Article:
For Moore, the good is nothing more than a property which could not be further analyzed. It’s like the color yellow. It isn’t reducible to more basic properties (like for example, a chimera is made up of the properties of various animals).

My point is that good is a simple notion, just as yellow is a simple notion; that, just as you cannot, by any manner of means, explain to anyone who does not already know it, what yellow is, so you cannot explain what good is. Definitions of the kind that I was asking for, definitions which describe the real nature of the object or notion denoted by a word, and which do not merely tell us what the word is used to mean, are only possible when the object or notion in question is something complex. You can give a definition of a horse, because a horse has many different properties and qualities, all of which you can enumerate. But when you have enumerated them all, when you have reduced a horse to his simplest terms, you can no longer define those terms. They are simply something which you think of or perceive, and to anyone who cannot think of or perceive them, you can never, by any definition, make their nature known. It may perhaps be objected to this that we are able to describe to others, objects which they have never seen or thought of. [8]

Good isn’t reducible, but like the color yellow, is sensed. Where for yellow, it would be through the eyes, for good it is through moral intuition. So, what would Saint Augustine’s response to Moore be? Well, the first thing to note is that there is no analytic-synthetic distinction for Saint Augustine. Saint Augustine believes universality exists in the way particulars participate with God, gaining and losing properties. So, the first premise is false. Whereas Saint Augustine would agree with Moore that both (1) goodness, as it’s instantiated in the particular, is irreducible and (2) must be intuited (albeit through revelation). He disagrees that (1) universality is reducible analyticity (and hence universals would require God), and (2) goodness isn’t fundamental.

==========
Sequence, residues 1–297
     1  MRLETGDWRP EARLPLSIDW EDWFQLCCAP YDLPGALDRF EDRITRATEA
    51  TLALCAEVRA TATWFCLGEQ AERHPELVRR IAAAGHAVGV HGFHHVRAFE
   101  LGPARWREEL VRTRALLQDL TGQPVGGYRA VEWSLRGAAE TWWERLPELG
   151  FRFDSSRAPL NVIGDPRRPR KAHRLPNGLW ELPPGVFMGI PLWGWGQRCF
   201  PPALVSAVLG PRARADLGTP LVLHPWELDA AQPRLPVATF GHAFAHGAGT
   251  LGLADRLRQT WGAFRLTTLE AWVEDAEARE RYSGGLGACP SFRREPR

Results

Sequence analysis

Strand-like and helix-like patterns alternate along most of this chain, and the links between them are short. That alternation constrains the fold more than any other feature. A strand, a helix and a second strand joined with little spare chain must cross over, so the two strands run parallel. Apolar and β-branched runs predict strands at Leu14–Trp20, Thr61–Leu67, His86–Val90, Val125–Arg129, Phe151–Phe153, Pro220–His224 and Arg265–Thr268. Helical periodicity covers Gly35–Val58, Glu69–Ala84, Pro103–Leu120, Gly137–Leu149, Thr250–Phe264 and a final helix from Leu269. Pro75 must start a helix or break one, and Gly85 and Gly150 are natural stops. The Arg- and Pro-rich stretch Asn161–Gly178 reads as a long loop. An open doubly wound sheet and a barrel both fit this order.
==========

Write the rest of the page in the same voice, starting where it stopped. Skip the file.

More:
The last objection to consider is the is-ought problem by Hume, namely how do we derive an ought from an is? Well, the truth of an ought statement — such as “we ought not commit adultery”- stems from God’s revelation, not a prior state of reducible affairs. As he says,

For God has said by the prophet: “Except ye believe, ye shall not understand” [9]

There is no further explanation needed. If we have revelation from God about any particular thing being true, then it is sufficient to be true. It’s a form of intuitionism that replaces Moorean and small ‘p’ platonic goods with the intuiting of God and what is in harmony to him. Here we have a consistent meta-ethic that answers not only the Euthyphro Dillemma, but the Open Question Argument and the Is-Ought argument.

End Notes

[1]Saint Augustine, Translator; E. B. Pusey, The Confessions, Book vii,<>

[2] Ibid

[3] The One transcends all beings, and is not itself a being, precisely because all beings owe their existence and subsistence to their eternal contemplation of the dynamic manifestation(s) of the One. The One can be said to be the ‘source’ of all existents only insofar as every existent naturally and (therefore) imperfectly contemplates the various aspects of the One, as they are extended throughout the cosmos, in the form of either sensible or intelligible objects or existents. — See the Internet Encyclopaedia of Philosophy for the above quote in full detail <>

[4] Wassmer, Thomas A.. 1960. “The Trinitarian Theology of Augustine and His Debt to Plotinus”. The Harvard Theological Review 53 (4). Cambridge University Press: 261–68.

[5]Saint Augustine, Translator; E. B. Pusey, The Confessions, Book i,<>

[6]Saint Augustine, Translator; E. B. Pusey, The Confessions, Book xiii,<>


[8] G.E. Moore, Principia Ethica, Chapter 1, Paragraph

[9]St. Augustine, Homilies on the Gospel of John; Homilies on the First Epistle of John; Soliloquies, Tractate XXIX.Chapter VII. 14–18 <>

This post is one in a series on the Kantian-Augustinian Synthesis, for more, see here.